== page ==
• Active biomimetic materials and structures that self-organise and self-repair or show other bio-inspired functions.
  • Nature inspired designs and manufacturing processes.
  • Biohybrid brain-machine interfaces and neural implants.
  • Artificial organs and body-parts including sensory organ-chip hybrids and intelligent prostheses.
  • Organism-level biohybrids such as robot-animal or robot-human systems.

Nikolas presented his research Improving recall in an associative neural network model of the hippocampus.

Accepted papers 9th international conference on biomimetic and biohybrid systems 2020

Living Machines 2020 presentation

Living Machines 2020 presentation

Abstract

The mammalian hippocampus is involved in auto-association and hetero-association of declarative memories. We employed a bio-inspired neural model of hippocampal CA1 region to systematically evaluate its mean recall quality against different number of stored patterns, overlaps and active cells per pattern. Model consisted of excitatory (pyramidal cells) and four types of inhibitory cells: axo-axonic, basket, bistratified, and oriens lacunosum-moleculare cells. Cells were simplified compartmental models with complex ion channel dynamics. Cells’ firing was timed to a theta oscillation paced by two distinct neuronal populations exhibiting highly regular bursting activity, one tightly coupled to the trough and the other to the peak of theta. During recall excitatory input to network excitatory cells provided context and timing information for retrieval of previously stored memory patterns. Dendritic inhibition acted as a non-specific global threshold machine that removed spurious activity during recall. Simulations showed recall quality improved when the network’s memory capacity increased as the number of active cells per pattern decreased. Furthermore, increased firing rate of a presynaptic inhibitory threshold machine inhibiting a network of postsynaptic excitatory cells has a better success at removing spurious activity at the network level and improving recall quality than increased synaptic efficacy of the same threshold machine on the same network of excitatory cells, while keeping its firing rate fixed.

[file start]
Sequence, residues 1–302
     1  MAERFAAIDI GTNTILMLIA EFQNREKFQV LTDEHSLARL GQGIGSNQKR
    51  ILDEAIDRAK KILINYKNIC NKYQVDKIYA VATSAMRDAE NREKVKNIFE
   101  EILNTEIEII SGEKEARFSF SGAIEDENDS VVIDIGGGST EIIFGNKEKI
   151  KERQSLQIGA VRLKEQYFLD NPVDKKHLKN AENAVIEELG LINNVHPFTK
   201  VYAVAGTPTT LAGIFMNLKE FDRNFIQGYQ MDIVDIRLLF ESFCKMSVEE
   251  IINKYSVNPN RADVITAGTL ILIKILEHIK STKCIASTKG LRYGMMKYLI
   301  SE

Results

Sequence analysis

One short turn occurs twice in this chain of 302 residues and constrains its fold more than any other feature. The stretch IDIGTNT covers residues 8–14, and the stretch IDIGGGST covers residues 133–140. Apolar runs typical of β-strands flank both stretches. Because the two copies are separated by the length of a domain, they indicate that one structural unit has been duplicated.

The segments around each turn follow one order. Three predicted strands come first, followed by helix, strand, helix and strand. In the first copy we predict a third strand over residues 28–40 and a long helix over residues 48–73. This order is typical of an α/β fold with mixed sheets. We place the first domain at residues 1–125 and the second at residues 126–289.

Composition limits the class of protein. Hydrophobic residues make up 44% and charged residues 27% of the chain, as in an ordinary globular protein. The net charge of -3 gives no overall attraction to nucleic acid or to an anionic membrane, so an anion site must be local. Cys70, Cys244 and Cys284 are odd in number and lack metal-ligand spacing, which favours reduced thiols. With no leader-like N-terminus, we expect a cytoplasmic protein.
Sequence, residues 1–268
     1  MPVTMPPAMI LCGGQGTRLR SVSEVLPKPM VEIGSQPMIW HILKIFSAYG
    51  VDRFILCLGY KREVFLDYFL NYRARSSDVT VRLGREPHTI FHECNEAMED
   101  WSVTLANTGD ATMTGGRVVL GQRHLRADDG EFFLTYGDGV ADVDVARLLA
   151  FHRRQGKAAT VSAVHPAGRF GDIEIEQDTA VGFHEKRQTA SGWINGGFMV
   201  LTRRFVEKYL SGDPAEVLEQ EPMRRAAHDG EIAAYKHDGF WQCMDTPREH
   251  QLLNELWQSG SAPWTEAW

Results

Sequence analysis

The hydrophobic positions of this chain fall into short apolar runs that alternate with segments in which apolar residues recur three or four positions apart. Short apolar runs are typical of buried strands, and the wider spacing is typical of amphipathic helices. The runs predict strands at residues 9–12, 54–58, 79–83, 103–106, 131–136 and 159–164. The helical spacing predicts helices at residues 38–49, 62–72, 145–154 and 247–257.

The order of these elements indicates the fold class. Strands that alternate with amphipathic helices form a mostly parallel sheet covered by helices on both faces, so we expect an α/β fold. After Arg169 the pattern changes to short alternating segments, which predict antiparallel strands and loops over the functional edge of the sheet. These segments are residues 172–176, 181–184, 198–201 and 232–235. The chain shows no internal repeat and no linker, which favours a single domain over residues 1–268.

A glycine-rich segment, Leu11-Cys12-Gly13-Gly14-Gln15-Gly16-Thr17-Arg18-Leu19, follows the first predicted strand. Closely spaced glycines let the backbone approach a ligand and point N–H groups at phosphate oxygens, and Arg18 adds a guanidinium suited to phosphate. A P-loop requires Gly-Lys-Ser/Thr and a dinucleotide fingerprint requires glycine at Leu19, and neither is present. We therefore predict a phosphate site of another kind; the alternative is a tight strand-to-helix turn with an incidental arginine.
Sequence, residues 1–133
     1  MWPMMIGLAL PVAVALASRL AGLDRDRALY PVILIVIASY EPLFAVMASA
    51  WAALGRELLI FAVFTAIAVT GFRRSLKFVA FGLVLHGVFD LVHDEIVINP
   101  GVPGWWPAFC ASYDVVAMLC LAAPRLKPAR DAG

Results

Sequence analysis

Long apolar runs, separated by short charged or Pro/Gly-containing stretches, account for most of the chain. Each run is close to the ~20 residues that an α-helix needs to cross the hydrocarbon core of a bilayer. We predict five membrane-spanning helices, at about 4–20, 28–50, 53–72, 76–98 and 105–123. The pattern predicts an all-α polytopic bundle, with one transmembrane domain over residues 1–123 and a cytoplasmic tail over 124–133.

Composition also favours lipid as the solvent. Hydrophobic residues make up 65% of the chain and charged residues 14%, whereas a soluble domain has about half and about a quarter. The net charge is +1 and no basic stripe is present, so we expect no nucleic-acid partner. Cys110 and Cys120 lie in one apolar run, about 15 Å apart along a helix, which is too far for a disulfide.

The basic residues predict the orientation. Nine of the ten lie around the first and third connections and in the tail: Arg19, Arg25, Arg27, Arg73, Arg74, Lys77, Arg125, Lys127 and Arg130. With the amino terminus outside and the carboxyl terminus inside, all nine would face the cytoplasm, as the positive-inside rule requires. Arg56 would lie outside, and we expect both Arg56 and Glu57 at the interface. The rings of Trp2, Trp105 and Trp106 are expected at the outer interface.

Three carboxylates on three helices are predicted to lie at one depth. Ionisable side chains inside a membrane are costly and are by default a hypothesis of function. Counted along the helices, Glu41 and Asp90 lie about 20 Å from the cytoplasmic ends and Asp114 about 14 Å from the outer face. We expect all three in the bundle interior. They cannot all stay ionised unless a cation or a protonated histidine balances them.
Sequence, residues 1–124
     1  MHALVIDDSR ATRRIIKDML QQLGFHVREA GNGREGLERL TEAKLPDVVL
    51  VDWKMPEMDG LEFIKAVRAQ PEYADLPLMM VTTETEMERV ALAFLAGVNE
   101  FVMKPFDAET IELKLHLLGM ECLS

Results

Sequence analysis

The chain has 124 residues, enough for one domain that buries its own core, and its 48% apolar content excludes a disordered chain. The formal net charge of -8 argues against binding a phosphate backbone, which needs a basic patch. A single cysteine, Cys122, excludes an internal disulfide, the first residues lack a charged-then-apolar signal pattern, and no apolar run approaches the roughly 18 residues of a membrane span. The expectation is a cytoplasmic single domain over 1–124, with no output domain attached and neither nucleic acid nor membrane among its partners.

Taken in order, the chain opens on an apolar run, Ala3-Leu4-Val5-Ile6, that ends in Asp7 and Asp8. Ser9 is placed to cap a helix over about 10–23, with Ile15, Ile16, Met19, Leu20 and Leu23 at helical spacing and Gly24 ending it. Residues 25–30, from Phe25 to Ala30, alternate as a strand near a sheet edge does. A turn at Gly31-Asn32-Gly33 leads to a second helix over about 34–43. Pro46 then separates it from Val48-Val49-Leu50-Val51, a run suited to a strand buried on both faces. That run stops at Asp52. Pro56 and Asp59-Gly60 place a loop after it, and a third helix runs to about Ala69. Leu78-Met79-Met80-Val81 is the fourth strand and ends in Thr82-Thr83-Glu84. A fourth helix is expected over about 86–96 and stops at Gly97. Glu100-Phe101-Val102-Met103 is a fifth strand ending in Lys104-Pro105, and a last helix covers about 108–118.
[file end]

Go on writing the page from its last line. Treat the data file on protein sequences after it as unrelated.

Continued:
Nikolas Andreakos attending the 9th international conference on biomimetic and biohybrid systems 2020